This exclusive footage, which Brave New Foundation released today as part of the soon-to-be-released fourth segment of Rethink Afghanistan, stands as an unflinching testament to the rampant devastation wrought by recent US airstrikes in Afghanistan. It should be seen by everyone who attempts to write off the civilian casualties of this war with the dehumanizing phrase “collateral damage.” It should be seen by everyone in Congress considering whether to escalate this quagmire with $96.7 billion in supplemental wartime spending. And it should be seen by Gen. Stanley McChrystal as he submits his review of US strategy in Afghanistan–the fifth review this year–and tries to pretend the war in Afghanistan is not a quagmire that’s destroying the lives of hundreds of thousands of innocent civilians like Najibullah.

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Posted by Quincy Surasmith on June 9th, 2009

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Jorge Morales Almada de La Ch | June 9 2009

El hombre del turbante salió de la mesquita después de la primera oración del día. Era miércoles en el centro de Bagdad e ideal para que el equipo de espionaje del Ejército de Estados Unidos pasara desapercibido entre la multitud. Se trataba del jeque Abd al-Rahman, pieza clave para dar con el paradero de Abu Musab al-Zarqawi, líder en Irak de la red terrorista de al-Qaeda.

“Cuando se baje del automóvil blanco y se suba a uno azul, es que va a encontrarse con al-Zarqawi”, fue la pista que les dio un militante del grupo terrorista que había sido detenido por las tropas estadounidenses seis semanas antes de ese 7 de junio de 2006.

De manera discreta lo siguieron por más de 50 kilómetros hacia el norte, hasta una pequeña aldea a las afueras de Baquba, donde al-Rahman se bajó del vehículo y se introdujo a la casa que resultó ser el escondite del jefe máximo de al-Qaeda en Irak y por quien el gobierno estadounidense ofrecía 25 millones de dólares como recompensa, lo mismo que se ofrece por Osama Bin Laden.

zarqawi_in_april_2006

Abu Musab al-Zarqawi en abril de 2006

Los espías estadounidenses lo habían confirmado, ahí estaba al-Zarqawi hablando con al-Rahman. Era el momento idóneo para capturarlo, pero las fuerzas especiales de combate estaban a media hora de distancia en helicóptero. El comandante a cargo no quiso correr riesgo de fuga y ordenó que los dos jets F-16 Fighting Falcons que se aproximaban soltaran sobre la vivienda las 500 libras de explosivos que llevaban.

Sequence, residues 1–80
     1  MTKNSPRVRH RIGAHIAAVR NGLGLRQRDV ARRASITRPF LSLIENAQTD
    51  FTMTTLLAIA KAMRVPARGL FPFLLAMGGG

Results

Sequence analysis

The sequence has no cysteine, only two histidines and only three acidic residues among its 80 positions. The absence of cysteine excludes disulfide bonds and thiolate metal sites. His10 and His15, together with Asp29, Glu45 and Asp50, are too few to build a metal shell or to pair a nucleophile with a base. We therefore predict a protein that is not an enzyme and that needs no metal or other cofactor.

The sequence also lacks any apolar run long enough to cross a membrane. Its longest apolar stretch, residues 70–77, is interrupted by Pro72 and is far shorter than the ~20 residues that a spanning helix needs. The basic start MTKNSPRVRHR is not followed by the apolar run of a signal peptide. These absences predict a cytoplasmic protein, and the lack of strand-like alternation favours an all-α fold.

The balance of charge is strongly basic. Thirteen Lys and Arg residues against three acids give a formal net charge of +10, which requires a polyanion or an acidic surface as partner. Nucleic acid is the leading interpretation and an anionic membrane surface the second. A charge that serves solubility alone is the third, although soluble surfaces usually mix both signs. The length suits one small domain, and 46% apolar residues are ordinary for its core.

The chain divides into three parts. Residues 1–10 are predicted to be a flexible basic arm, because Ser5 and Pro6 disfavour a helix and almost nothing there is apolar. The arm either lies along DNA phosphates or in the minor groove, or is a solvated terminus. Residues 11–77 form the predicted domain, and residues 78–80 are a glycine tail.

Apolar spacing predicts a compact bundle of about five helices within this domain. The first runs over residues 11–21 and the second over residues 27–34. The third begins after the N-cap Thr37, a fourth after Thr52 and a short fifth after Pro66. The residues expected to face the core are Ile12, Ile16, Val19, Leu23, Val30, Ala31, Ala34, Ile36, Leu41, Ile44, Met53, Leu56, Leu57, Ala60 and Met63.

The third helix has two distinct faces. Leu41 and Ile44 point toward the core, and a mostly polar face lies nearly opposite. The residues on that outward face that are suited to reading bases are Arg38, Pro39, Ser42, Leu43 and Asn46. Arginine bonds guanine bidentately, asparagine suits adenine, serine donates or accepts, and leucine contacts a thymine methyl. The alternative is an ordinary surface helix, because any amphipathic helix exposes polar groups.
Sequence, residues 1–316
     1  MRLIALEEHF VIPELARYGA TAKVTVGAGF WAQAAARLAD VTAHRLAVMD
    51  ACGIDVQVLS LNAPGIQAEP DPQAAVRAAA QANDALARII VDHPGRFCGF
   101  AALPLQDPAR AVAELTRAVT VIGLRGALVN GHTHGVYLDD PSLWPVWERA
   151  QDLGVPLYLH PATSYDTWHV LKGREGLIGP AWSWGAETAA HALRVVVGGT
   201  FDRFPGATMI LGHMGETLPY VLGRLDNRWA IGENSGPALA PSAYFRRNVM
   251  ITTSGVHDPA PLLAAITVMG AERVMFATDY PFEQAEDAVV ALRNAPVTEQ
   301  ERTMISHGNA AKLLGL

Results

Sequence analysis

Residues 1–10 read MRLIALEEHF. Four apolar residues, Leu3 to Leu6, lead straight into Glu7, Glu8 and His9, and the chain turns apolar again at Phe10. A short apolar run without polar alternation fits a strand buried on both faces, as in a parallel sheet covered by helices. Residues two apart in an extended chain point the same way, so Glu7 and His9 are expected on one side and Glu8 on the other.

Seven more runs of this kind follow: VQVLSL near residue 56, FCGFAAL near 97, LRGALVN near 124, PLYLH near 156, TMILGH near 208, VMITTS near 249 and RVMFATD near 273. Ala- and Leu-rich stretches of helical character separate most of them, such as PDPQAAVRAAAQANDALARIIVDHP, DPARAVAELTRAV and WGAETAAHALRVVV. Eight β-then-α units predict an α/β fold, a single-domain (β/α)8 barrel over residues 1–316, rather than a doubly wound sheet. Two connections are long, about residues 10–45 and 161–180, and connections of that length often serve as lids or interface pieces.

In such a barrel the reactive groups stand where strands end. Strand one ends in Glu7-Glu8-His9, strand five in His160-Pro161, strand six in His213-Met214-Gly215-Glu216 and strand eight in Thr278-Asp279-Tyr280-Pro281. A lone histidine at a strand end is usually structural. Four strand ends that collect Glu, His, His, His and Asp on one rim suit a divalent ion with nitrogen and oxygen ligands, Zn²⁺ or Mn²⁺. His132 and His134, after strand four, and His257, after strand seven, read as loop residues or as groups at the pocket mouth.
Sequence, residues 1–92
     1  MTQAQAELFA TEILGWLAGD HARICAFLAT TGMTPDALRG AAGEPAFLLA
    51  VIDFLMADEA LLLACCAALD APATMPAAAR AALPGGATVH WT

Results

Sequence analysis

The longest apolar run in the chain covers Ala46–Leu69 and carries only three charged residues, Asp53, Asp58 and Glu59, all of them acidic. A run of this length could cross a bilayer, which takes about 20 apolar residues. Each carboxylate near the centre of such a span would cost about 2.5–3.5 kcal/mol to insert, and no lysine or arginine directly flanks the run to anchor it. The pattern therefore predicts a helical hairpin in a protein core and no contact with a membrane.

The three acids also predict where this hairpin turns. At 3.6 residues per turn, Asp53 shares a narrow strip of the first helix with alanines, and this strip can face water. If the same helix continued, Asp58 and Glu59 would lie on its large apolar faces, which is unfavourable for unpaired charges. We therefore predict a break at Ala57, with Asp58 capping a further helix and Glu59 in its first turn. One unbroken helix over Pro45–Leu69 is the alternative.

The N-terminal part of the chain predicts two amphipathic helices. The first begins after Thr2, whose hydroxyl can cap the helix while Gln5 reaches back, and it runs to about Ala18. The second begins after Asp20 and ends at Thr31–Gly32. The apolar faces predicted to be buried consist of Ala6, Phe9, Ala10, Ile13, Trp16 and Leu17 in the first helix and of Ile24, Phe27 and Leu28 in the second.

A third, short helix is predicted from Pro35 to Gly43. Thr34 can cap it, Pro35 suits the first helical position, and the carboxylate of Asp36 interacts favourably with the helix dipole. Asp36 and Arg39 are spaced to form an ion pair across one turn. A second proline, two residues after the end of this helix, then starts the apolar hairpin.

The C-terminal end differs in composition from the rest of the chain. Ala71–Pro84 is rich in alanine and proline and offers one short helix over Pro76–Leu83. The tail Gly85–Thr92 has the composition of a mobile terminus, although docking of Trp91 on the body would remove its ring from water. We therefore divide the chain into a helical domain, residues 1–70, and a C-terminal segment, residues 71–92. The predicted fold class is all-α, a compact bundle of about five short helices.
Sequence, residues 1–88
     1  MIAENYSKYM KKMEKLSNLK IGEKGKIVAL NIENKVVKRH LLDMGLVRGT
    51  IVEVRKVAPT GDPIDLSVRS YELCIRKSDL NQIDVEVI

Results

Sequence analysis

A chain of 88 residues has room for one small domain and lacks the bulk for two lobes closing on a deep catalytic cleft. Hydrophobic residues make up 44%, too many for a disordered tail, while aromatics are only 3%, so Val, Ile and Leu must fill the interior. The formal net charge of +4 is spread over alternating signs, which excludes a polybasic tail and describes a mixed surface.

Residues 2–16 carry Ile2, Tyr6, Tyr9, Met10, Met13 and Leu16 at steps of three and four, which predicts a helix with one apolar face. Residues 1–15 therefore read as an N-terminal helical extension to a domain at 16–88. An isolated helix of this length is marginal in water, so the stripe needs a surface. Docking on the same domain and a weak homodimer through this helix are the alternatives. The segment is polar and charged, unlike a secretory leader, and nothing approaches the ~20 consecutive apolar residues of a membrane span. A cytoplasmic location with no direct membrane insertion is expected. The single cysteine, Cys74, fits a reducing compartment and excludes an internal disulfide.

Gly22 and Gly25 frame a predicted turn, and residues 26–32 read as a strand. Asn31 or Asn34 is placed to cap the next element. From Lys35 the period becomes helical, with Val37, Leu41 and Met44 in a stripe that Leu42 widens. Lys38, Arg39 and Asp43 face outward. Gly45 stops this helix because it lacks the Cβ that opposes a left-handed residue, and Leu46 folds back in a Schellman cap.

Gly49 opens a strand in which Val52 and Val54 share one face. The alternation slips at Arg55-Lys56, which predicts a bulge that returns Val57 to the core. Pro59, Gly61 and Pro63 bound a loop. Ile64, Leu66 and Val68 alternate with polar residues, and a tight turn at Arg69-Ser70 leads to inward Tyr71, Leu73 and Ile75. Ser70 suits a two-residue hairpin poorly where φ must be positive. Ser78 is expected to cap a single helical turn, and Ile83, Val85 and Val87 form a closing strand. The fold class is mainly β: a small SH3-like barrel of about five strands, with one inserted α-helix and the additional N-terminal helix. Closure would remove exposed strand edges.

La EXPLOSIÓN formó una cruz de polvo y escombro. Ahí murió al-Zarqawi y su consejero espiritual al-Rahman, además de una mujer y un niño.

Cuando llegaron los soldados, minutos después del bombardeo, al-Zarqawi era sacado de entre los escombros por policías iraquís. Un soldado estadounidense se le acercó y fue entonces cuando al verlo a los ojos, el terrorista soltó el último respiro.

La historia la cuenta Matthew Alexander, de 39 años de edad y líder de ese equipo de inteligencia del U.S. Army que interrogó a Abu Haydar, un hombre cercano al jeque al-Rahman.

“Abu Haydar es un hombre muy inteligente, es como Hannibal Lecter de la película Silence of the lambs, muy elegante e inteligente, manipulaba a los interrogadores y después de tres semanas de interrogatorios no obteníamos nada”, comentó Matthew Alexander, nombre que adoptó por seguridad de su familia.

Quienes lo interrogaban se daban por vencidos. Ni las amenazas sobre divulgar la versión de que estaba cooperando con los estadounidenses para que se tomaran represalias en contra de su familia daban resultado. Alexander asegura que nunca se utilizó la violencia. Pero sí la tortura psicológica.

“El comandante decidió mandarlo a la prisión de Abu Ghraib y yo sólo tenía seis horas más para que dijera algo, entonces cambié el método y decidí interrogarlo por mi cuenta. Pasamos más de cinco horas hablando de la historia de Irak, de su cultura, le mostré respeto por su religión, porque es un hombre muy culto, y yo antes de irme a la guerra leí sobre el Corán y la historia de Irak”.

Con esa prolongada plática Alexander se ganó la confianza de Abu Haydar y al final se la jugó con un “bluff” al ofrecerle una negociación: “Dame un nombre y te recluto en un programa secreto del gobierno, porque necesitamos sunís para que trabajen con nosotros en la próxima guerra con Irán”.

Minutos de silencio… y entonces se escuchó de la voz de Haydar: “Conozco a Abu Ayuub al-Masri”.

Se trataba del mejor amigo de al-Zarqawi y lo que valió para retener dos semanas más en interrogatorios a Haydar antes de enviarlo a Abu-Ghraib.

“Yo sabía que si conocía a al-Masri debía saber más nombres, si soltó ese nombre sabía más, por eso pedí que no fuera enviado a Abu Grahib, era una muy buena pista, y dos semanas después, como ya me había ganado su confianza, me reveló el nombre del consejero espiritual de al-Zarqawi, que era al-Rahman”.